In an oyster shell highlights the necessity of understanding human impact on the planet during the Anthropocene. It also illustrates the interconnectedness of seemingly unrelated materials with certain processes. It does so in a poetic way, through the design of an auditory experience that explores limestone, one of the oldest known materials, which has a beautiful story to tell; a story that reflects the history of human civilisation.
This project is a tribute to the white colour of Cycladic architecture. It is metaphorically placed in the Cyclades: a complex of Greek islands in the Aegean Sea defined by the use of limewash in their vernacular architecture. Investigating the material by looking beyond the colour white, it is revealed that limestone essentially comes from compressed oyster shells. Limescale formed in the sink or in a kettle, is also a form of limestone; we are therefore, literally drinking oyster shells. It is also revealed that different forms of slaked lime are used in all kinds of industrial products and activities, such as the purification of sugar, glass making, paper making, and toothpaste, just to name a few.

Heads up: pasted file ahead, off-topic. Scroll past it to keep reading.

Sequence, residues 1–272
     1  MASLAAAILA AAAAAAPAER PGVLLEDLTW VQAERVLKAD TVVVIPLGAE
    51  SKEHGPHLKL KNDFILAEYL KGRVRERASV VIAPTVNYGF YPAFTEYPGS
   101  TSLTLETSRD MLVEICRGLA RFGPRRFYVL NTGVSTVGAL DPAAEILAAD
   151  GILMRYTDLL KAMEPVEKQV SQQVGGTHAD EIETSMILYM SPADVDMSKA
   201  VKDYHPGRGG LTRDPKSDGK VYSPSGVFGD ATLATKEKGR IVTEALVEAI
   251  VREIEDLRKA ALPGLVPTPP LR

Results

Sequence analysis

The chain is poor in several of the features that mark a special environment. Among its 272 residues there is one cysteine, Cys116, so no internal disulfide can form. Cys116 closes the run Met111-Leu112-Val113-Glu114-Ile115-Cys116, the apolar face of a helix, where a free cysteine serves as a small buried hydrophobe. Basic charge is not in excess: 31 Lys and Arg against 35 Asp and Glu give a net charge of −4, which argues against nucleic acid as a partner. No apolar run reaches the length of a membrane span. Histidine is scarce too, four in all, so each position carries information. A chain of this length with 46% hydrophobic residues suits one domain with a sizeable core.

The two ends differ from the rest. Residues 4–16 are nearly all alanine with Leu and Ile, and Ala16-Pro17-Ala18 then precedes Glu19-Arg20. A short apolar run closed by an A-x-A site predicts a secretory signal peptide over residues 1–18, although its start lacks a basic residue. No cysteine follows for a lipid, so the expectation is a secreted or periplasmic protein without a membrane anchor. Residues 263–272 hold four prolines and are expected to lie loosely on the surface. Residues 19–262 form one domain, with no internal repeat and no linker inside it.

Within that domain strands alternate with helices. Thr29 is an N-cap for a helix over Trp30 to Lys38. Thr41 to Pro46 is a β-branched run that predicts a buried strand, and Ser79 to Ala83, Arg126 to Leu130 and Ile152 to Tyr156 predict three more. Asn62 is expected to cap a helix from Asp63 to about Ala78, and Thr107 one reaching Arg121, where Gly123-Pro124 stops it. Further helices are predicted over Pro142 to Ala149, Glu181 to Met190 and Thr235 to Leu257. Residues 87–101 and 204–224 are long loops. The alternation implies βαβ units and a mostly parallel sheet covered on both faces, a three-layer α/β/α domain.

Oyster shells as headphones
When we cover our ears with oyster shells we can hear the ocean. This installation replicates this motion by triggering the hearing sense. People can use shells made of limestone as headphones to listen to sounds of the material such as the eating of an oyster, blasts in a limestone quarry, quicklime reacting with water, brushing teeth, sounds of paper, and running water form a tap.
Learning more about the products and processes we are familiar with is only the first step in taking better care of the planet.